Floating platforms represent future of offshore wind systems
Floating platform technologies will become increasingly important as global energy markets turn to offshore wind systems to meet demand for renewable energy, said a Stanford University official at the recent Offshore Technology Conference in Houston.
HOUSTON – Floating platform technologies will become increasingly important as global energy markets turn to offshore wind systems to meet demand for renewable energy, said a Stanford University official at the recent Offshore Technology Conference in Houston.
In his presentation on “Floating Offshore Wind: Technology, Policy, and Finance,” Dan Reicher, Senior Adviser at Magellan Wind and Lecturer at Stanford University, noted that “the growth of wind energy has been extraordinary since the early 2000s.”
Like the oil and gas industry, the wind energy industry started onshore, then went into shallow water, then entered deepwater. Thus, the industry is now looking into floating platform designs that will enable offshore wind energy systems to be placed in deepwater.
“The fixed bottom shallow water market is limited,” Reicher observed. This is because most population centers have deep nearshore waters. Because of this, the future of offshore wind energy will be in deepwater, he said. And for this reason, “we need floating wind energy systems.”
“There are prototypes that work, but cost reductions are needed,” Reicher observed. There are a variety of problems with floating wind concepts at present – “they are very heavy, and take a long time to build, requiring massive man hours.”
But there are some “game changers” in the offing, Reicher said, most notably in the form of the TetraSpar floating offshore wind turbine platform concept. This design is being advanced by Henrik Stiesdal, former chief technology officer at Siemens Wind Power and now CEO of Stiesdal Offshore Technologies.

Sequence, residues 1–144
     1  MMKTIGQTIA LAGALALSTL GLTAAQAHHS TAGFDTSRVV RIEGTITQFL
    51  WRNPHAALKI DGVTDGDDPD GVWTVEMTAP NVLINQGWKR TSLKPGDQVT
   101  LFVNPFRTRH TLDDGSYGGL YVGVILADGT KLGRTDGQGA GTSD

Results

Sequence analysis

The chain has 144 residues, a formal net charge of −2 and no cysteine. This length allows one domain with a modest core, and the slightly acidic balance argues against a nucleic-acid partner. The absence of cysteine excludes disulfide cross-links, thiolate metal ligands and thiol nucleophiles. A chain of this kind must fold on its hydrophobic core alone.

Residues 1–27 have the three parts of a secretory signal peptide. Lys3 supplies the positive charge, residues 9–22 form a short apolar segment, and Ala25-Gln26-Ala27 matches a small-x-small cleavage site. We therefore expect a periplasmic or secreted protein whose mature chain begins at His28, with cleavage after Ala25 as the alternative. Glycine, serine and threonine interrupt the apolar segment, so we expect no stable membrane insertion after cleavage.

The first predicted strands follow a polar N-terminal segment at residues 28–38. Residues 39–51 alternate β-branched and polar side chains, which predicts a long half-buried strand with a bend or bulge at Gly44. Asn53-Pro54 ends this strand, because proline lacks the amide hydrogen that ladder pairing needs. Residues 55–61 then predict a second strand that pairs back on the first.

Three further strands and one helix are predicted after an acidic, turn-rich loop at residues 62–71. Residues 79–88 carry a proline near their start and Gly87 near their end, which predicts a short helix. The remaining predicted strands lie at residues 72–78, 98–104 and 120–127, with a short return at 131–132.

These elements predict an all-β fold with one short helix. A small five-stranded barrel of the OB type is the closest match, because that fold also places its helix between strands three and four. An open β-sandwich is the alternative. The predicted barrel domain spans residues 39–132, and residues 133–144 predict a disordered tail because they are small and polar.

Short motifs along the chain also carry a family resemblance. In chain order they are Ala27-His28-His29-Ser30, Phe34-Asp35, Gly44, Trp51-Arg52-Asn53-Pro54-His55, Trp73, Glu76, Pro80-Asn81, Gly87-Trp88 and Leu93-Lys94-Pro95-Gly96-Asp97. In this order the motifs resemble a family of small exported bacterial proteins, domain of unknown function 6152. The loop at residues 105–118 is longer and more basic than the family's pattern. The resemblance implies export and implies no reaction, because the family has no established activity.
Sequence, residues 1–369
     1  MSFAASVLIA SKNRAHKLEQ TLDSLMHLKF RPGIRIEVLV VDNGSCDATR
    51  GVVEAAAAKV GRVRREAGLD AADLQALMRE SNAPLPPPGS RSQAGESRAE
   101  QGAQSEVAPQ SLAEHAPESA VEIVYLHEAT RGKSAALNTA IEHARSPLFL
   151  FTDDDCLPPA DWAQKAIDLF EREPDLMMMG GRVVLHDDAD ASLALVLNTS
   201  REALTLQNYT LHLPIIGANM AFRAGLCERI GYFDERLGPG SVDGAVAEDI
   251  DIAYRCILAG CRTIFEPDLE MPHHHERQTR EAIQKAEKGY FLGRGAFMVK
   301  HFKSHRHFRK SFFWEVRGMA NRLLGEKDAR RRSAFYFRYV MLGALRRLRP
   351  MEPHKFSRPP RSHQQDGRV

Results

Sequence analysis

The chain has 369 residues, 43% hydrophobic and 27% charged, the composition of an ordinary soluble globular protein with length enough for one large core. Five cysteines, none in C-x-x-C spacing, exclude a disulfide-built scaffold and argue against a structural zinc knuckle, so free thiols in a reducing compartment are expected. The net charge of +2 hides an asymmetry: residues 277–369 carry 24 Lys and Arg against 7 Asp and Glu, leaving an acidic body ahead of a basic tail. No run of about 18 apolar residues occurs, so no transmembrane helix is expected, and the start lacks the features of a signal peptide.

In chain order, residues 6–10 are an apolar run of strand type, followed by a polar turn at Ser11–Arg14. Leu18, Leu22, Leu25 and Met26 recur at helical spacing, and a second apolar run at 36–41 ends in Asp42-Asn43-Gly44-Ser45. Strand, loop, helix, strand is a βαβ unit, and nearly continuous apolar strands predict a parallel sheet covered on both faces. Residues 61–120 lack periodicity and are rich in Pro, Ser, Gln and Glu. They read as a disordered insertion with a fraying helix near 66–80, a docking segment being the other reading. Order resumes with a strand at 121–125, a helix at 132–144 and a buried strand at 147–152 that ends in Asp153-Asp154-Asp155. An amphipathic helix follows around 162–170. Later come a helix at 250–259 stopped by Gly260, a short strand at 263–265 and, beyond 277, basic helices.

The TetraSpar design includes a tubular steel main structure with a suspended keel that will be moored to the seabed by three anchor lines. With its modular design, the structure could be fabricated quayside, bringing about a leaner manufacturing and assembly process, and lower material costs. The concept is being financially supported by Shell and Innogy, and is expected to be installed at a demonstration site offshore Norway in 200 m of water in 2020.
Offshore wind energy is making significant market gains in Europe and Asia, Reicher said. But the US, he noted, is “catching up.” Only one offshore wind energy system has been built to date off the US coast – the Block Island Wind Farm off Rhode Island. But other states in the New England and northeast regions are also examining the prospect of offshore wind energy.
Wind farms are increasingly being considered off California, “which has the largest single offshore wind resources in the United States,” Reicher observed. The state of California has issued a requirement that 100% of its power generation come from renewable energy by 2045, and this requirement presents a large market opportunity for floating offshore wind technologies, Reicher noted.
But the catch is that the bulk of acreage offshore California is in deepwater. This means that the bulk of wind energy systems contemplated for installation offshore California will have to be placed on floating platform systems.
Reicher noted that the US Department of Interior and the Bureau of Ocean Energy Management have undertaken a number of offshore wind initiatives, and a lease auction for wind energy development offshore California is expected to take place in 2020.
He conceded that “permitting will be a challenge” for any initiative offshore California, given the number of stakeholders involved – the fishing industry, the US Department of Defense, as well as groups and organizations committed to the protection of marine wildlife.
Going forward, Reicher said that “the entire Pacific Rim will be a huge opportunity for offshore wind energy,” including markets not only in California but also in China, Vietnam, Japan, and South Korea.